Use of the Freedom app itself is relatively straightforward but users may find that the fact that the official Google Play store often becomes inaccessible after Freedom's installation to be a bother. The store must be completely reinstalled before any new application can be downloaded or legitimately purchased from it. While this may cause some annoyance to users of the Freedom app, it may be a trade-off many will be willing to make to gain access to so much free content.
In-appstore.com for iOS
In iOS, the process of circumvention is slightly more convoluted, requiring browser certificates be installed and DNS settings changed. The exploit does not require that the device is jailbroken to function and may be attractive to those users who do not want to void the warranty of their device via jailbreaking but wish to access pirated content.
Circumvention in iOS works via a method posted to the in-appstore.com web site. This claims to offer a single click solution for jailbroken phones using the Cydia repository but testing found this presently non-functional. The manual implementation of the hack on iOS redirects in-app purchase requests to a server at an address in the Netherlands which spoofs authorization in the same way as Freedom on Android.
However, the suite of applications that are vulnerable to the iOS exploit seems far smaller than for Android. While some common apps could be tricked into unlocking premium content, many games and apps seem to have implemented additional protections against exploitation. For example, testing found that Clash of Clans performs additional server side checks which block fraudulent transactions, while Navfree - open to exploitation on Android devices - successfully blocks fake transactions on iOS devices. Other methods of circumventing in-app purchasing on iOS (such as IAPFree) also suffered the same fate.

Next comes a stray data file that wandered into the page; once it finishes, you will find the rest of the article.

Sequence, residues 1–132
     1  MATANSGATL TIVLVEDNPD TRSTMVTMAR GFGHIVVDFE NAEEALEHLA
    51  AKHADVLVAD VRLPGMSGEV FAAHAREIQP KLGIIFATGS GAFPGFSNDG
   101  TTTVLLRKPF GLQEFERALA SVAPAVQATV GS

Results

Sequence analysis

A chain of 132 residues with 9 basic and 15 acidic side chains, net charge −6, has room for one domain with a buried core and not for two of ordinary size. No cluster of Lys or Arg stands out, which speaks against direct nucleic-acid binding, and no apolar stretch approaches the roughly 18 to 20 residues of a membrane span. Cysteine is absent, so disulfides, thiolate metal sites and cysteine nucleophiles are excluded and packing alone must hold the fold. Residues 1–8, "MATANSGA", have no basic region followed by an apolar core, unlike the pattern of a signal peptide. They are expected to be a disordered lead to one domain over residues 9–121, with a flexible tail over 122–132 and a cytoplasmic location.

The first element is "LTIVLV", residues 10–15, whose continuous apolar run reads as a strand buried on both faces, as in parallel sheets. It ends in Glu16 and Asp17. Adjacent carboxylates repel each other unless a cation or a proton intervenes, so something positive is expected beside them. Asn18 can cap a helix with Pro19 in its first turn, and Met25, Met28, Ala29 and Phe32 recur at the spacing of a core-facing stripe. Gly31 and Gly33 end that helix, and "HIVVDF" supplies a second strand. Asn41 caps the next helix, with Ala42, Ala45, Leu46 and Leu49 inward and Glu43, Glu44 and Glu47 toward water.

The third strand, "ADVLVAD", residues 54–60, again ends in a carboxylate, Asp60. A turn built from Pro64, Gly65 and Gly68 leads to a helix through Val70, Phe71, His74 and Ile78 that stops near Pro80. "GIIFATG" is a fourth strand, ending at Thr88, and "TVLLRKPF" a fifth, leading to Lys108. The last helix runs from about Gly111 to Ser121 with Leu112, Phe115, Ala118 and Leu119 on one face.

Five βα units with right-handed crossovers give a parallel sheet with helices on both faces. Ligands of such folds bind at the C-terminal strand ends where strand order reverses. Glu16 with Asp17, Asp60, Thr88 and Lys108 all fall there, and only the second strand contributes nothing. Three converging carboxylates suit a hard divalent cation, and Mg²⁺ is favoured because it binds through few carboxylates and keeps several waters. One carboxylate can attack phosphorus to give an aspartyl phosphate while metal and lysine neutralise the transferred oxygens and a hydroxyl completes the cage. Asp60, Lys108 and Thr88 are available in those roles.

In-app purchase piracy has the potential to disrupt the mobile application market but it may be possible for developers to mitigate their risk. Current methods of exploitation require a certain level of technical skill for implementation, something that many users will find off-putting. Further, both iOS and Android circumventions also require users to trust systems exclusively designed to defraud mobile developers of income (either by routing network traffic to unknown servers in the case of iOS devices or granting full root access to an application of unknown provenance in the case of Freedom on Android). Also, using either of these methods to obtain premium content for free is a step along the moral continuum from an easier to justify decisions to, say, "try out" a cracked copy of a new app or game.
Yet with increasing numbers of devices in the hands of the young, many of whom will be tech savvy enough to handle the installation process without fear and perhaps carefree enough to not consider the moral or legal ramifications of their actions, the risk of these exploits could grow. The overlords of each operating system (both of which, of course, garner 30% on all in-app purchases) must continue to ensure a robust and trustworthy payment platform that can be relied upon by mobile developers. The breaches must be fixed at a system level with assurances that they will remain patched in the future. Apple has a better record at ensuring that security patches are well implemented than Google, with Android version fragmentation a major problem.
Written by Ricky Bruce, Piracy Intelligence Analyst, NetNames
27 September 2013
Article extracts from NetNames’ Scrutiny publication.